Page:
Vestments for All Saints (And Some Thoughts on How to Approach Making Them)

Longtime readers of LAJ will know that as a rule I'm not a huge proponent of what I term, "scenic chasubles" (meaning, chasubles where the entire surface it made into a single scene akin to a painting). Generally the reason for this is that these approaches frequently come at the expense of key elements such as the orphrey. They also can become a bit busy -- for it's one thing to have floriated ornamentation covering the entirely of the surface of a chasuble, but quite another thing to have a large variety of figures in, often different postures, positions, dress, facial expressions, etc. The latter requires much more mental  processing and easily gets busy and out of control.  But that's is me and some people love this type of work, so I wanted to share today an All Saints inspired chasuble that is dated to 1936. I would say it actually does a much better job than most other chasubles in this genre, on the backside at lest, for the main reason that the orphrey, despite the lack of galloons, is still clearly delineated.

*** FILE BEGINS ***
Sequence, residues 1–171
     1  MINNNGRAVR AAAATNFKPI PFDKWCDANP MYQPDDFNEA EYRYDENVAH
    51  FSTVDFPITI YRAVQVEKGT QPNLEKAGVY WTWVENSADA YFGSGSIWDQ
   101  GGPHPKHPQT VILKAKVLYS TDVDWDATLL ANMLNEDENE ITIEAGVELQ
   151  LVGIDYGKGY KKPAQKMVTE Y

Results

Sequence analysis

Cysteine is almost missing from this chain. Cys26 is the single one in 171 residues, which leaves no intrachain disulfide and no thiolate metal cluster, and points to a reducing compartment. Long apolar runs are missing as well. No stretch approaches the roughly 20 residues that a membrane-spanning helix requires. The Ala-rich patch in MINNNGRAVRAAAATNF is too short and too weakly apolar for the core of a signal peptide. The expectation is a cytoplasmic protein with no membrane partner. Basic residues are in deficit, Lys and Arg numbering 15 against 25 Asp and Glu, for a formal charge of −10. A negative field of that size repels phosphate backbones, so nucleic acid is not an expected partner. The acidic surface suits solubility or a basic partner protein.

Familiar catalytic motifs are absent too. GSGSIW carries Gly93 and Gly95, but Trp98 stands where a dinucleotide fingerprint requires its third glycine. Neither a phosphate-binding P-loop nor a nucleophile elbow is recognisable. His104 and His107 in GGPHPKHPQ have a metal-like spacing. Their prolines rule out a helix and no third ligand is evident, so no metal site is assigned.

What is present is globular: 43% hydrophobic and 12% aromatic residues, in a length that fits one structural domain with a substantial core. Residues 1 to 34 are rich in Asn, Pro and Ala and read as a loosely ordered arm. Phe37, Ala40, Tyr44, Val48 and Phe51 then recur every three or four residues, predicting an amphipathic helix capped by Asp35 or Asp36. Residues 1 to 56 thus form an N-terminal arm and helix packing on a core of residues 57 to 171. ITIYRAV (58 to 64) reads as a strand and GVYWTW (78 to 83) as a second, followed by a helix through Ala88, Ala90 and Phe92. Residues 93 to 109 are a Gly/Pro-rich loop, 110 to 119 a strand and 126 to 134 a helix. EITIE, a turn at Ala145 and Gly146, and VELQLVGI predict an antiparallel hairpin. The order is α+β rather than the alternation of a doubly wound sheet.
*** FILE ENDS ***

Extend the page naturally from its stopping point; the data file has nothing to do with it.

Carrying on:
The back includes a central image of Christ enthroned and beneath him, the Virgin. Around them are various saints, kneeling upon clouds in adoration. Choirs of angels can also be found above and beside the figure of Christ. 

The front side, however, is less successful, both compositionally, and also due to the lack of a clearly defined orphrey.  The front includes images of the Holy Trinity (in the space that would be the horizontal bar of the Tau-cross orphrey, with the Virgin Mary (who is being crowned) occupying the vertical space that would be the rest of the orphrey cross. Once again, angelic beings are found. Somewhat curiously, two images sit above the Holy Trinity depicting St. Jacob and St. Hilary; the fact they are singled out in this way suggests they had some particular patronal importance.
Speaking personally, if one wishes to put multiple saints on a chasuble in a scenic fashion, to my mind the best way to do that would by (a) keeping clear and distinct orphreys using galloons and (b) make the figures more subtle by making them monochromatic (e.g. in tones of silver and golds for example).  Here is an example of the sort of thing I mean:

Another option, of course, would be the more classic approach made in this regard, accomplished by simply organizing figures within the orphrey itself, as in this French example of the early twentieth century:

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